On my last post, I mentioned about how easy it is to add or remove Oracle Automatic Storage Management (ASM) disks online.  But first, let’s discuss the reasons for doing so.  Why would you want to add or remove ASM disks?  Well, there are a few reasons that I could think of and they are:

  1. SAN migration – I purchased a new SAN for my current Oracle database since my existing SAN cannot handle the load any longer.  Also the new SAN is more cost effective and high performance.
  2. Performance – My database ASM disk group started out with only one disk for ease of management.  But now the load on the database has grown so I want to add more disks to the ASM disk group to take advantage of multiple disk queues at the operating system level for performance.
  3. Changing disk size – I started out with a single 1TB disk for my ASM disk group but now I would like to change that to 4 x 250GB disk for performance.

Adding and/or removing ASM disks can be done online.  However, I’d recommend doing this during low IO to the database so it can complete quicker.  When adding or removing ASM disks, the option “rebalance power” allows you to set so the rebalance can complete quicker.  The default is set to 1.  If your ASM disk group compatibility is set to 11.2.0.2 or higher, then the range is between 0 – 1024.  If the compatibility is set to lower than 11.2.0.2, then the range is between 0 – 11.  The higher the number, the quicker the rebalance operation and the higher the I/O overhead.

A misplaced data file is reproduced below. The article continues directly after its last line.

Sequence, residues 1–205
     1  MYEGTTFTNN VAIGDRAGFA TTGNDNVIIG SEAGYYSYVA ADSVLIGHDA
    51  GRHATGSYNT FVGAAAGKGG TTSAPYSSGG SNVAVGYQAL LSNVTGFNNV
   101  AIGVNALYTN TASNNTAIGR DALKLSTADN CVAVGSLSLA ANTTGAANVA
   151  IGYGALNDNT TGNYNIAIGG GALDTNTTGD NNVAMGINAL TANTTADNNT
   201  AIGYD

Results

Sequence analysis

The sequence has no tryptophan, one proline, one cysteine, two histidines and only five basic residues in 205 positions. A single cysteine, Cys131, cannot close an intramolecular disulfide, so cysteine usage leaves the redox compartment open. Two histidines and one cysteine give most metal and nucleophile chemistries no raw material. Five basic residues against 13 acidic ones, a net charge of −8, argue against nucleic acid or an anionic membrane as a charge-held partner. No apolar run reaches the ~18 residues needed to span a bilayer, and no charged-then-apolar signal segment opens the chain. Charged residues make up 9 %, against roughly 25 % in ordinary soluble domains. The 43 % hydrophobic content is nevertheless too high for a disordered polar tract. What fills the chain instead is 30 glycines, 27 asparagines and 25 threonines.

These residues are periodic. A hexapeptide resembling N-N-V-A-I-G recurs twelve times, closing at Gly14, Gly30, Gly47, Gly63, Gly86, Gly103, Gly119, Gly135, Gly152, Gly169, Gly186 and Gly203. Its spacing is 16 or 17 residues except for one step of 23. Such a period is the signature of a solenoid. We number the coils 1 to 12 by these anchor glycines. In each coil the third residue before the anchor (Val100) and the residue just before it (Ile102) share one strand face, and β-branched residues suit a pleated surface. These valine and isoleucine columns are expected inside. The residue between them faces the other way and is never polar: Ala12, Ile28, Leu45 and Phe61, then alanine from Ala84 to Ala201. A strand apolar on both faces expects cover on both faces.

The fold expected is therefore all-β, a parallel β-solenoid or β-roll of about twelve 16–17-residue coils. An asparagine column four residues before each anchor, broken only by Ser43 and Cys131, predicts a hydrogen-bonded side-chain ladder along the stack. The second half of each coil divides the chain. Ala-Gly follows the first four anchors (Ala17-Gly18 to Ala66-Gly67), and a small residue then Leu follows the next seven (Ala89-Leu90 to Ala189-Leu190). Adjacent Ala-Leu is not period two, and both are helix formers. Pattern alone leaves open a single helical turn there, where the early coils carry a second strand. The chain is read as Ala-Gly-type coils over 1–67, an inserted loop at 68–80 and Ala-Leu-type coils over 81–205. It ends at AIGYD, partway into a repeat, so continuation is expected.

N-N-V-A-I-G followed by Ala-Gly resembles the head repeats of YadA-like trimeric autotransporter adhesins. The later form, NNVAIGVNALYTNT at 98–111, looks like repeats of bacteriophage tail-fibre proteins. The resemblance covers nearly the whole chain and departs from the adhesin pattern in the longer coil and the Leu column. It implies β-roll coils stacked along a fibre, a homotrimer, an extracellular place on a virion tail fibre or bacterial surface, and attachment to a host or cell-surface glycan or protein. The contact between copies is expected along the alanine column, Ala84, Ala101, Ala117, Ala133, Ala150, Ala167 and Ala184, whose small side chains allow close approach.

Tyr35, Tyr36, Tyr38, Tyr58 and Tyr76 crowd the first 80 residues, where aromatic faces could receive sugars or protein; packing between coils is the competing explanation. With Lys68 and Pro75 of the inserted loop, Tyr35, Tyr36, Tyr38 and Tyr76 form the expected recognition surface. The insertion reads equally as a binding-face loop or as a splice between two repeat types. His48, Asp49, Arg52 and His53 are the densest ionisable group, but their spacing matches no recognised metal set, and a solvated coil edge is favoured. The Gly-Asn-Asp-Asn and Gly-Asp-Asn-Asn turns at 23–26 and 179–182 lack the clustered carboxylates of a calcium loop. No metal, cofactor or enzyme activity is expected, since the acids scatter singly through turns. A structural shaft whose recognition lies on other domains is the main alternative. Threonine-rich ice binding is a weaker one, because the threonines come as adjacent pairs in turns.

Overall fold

Now let’s add more disks to my current ASM DATADG disk group.

Notice that I have only one disk in my DATADG disk group.  I will create 3 more LUNs on my Nimble Storage array and present them to my database server.  I need to run iSCSI discovery/login and configure multipath for those 3 LUNs and then add them to my DATADG disk group.

Notice the existing disk highlighted in green was removed and has become a “FORMER” disk.  You can delete the disk by running the following commands:

Cleanup ASM disk header

[root@mktg04 ~]# /etc/init.d/oracleasm deletedisk DATA

Cleanup multipath

[root@mktg04 ~]# multipath –f /dev/mapper/<device>

Delete the disk from the SAN and cleanup iSCSI on the operating system.